A study revealed that Opioid pain killers as poisoning for children and teenagers. From 1007 to 2012 the number of reported cases of Opioid poisoning has increased. About 1.40 per 100,000 kids to 3.71 per 100,000.
Julie Gaither a post-doctoral fellow at Yale School of public health and study’s leading author said that Opioids are ubiquitous now. She said that the doctors encourage to keep these pain killers at home and kids as well as teenagers have access to it.
JAMA Pediaterics published a study that studied 13,000 hospital and their discharge records from 1997 to 2012 for reported Opioids poisoning. The study used census data to generate rates. The hospital discharge data was collected by the Agency for Healthcare Research and Quality.
Experts say that although the data of reported cases have declined after 2012 among adults but it continues to persist, and remain a trouble in itself. However, the number of toddlers increase from 0.86 per 100,000 to 2.62 per 100,000. It is possible that the toddlers mistook the Opioids to a candy or a treat.
Teens have the highest rate of poisoning with opioids. This is perhaps deliberately done on part of the teens. Researchers justified their claims by stating that teenagers are at a higher risk of being influenced by depression and suicide hence, overdoes. In 2012, more teenagers were hospitalized due to opioids poisoning due to 10.17 per 100,000.
Gaither and her co-authors raised concerns by stating that the awareness should not only be for the purpose of controlling the prescription of this medication but there is also a need to educate the patients to store it in a proper place.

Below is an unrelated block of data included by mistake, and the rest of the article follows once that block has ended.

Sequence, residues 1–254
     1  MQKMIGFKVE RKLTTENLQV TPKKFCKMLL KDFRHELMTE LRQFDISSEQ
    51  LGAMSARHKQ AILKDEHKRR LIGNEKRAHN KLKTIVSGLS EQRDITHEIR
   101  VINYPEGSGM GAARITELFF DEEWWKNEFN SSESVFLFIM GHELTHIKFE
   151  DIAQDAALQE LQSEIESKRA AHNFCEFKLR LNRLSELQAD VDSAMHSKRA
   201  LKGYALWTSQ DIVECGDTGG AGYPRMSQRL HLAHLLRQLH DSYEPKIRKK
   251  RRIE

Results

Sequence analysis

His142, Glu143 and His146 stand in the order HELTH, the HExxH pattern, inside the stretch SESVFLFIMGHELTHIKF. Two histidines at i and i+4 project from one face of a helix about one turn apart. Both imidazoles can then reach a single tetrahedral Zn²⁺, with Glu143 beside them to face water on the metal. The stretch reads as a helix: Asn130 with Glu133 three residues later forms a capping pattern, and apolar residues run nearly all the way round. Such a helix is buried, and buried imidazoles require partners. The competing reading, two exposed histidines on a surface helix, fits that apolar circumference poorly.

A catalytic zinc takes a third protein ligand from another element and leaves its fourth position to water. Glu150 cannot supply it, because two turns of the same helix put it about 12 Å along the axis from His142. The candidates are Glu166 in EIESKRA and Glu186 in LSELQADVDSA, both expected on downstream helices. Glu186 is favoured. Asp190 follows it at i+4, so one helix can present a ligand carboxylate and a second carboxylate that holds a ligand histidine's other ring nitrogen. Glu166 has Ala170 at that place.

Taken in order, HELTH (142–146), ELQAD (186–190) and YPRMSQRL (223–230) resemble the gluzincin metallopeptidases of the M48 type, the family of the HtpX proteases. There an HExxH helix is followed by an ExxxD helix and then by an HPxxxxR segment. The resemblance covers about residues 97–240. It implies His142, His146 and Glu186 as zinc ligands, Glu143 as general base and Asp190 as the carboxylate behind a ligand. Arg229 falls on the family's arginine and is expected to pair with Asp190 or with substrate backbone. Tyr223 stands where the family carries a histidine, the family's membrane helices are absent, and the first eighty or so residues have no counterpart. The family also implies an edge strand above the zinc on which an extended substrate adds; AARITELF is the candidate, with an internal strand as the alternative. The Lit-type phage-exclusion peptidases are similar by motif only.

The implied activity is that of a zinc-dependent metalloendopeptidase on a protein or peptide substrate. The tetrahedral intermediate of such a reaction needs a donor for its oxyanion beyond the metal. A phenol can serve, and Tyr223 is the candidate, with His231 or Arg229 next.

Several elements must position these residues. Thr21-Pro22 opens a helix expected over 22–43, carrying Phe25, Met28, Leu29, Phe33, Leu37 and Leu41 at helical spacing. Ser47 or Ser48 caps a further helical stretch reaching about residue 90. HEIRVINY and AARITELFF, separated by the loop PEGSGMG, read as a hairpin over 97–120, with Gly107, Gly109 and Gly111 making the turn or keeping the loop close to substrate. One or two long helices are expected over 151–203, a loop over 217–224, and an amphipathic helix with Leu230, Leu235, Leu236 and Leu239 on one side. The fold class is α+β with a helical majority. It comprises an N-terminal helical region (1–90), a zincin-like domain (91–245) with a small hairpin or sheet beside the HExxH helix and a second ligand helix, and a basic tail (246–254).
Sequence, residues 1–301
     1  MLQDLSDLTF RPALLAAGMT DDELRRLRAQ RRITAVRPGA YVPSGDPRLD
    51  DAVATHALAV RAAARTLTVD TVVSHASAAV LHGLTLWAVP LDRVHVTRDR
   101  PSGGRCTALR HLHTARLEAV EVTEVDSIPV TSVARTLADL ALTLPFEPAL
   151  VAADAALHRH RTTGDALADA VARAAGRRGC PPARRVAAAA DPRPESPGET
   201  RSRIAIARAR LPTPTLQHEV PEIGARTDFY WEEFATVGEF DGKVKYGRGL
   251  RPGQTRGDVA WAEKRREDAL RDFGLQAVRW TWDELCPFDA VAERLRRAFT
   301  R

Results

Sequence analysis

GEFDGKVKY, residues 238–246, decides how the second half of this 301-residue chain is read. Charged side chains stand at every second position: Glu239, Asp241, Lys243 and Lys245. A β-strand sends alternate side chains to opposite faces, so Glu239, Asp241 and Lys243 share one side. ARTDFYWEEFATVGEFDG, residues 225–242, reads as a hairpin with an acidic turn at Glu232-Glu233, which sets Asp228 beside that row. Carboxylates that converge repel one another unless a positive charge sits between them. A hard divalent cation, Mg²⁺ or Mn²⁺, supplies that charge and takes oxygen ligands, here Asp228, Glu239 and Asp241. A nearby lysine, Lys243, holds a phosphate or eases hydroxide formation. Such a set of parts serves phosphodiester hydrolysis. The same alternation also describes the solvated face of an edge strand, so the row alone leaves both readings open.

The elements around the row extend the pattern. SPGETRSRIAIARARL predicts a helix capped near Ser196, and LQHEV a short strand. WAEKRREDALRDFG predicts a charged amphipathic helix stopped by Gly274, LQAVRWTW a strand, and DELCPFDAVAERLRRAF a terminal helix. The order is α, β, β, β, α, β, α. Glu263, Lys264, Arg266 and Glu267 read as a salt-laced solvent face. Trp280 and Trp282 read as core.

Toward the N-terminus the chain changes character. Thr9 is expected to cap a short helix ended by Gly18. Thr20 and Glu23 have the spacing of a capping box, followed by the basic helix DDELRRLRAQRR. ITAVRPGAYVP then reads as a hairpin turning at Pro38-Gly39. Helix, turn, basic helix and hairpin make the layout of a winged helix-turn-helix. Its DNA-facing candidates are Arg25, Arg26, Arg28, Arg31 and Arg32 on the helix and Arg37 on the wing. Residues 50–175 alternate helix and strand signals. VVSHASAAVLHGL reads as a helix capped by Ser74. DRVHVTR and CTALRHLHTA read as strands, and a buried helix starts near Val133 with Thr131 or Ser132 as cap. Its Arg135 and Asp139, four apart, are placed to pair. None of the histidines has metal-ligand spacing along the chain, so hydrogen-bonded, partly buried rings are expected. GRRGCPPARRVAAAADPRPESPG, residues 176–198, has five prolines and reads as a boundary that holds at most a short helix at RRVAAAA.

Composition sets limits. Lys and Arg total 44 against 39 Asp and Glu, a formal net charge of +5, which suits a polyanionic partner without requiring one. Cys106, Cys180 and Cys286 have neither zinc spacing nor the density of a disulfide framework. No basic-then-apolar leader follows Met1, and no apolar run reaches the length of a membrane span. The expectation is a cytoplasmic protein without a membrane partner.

Jonathan Chen, physician at Stanford Medicine explained the opioids effects and the kind of care required with the medication. However the doctors are so engrossed in briefing patients about their health that this minute details are left unattended. He says although it should be part of a doctor patient conversation but the doctors have more to discuss with the patient than the effects of opioid on the health of the family members.
Pediatricians could be of great help in explaining parents how opioids can dangerous for children especially during the visits to hospital but practice has not yet been implemented in the hospitals. They do discuss other risks but not specifically the effects of Opioids painkillers.
Experts suggest that smaller prescriptions of opioids may help in maintaining the balance and preventing poisoning among children.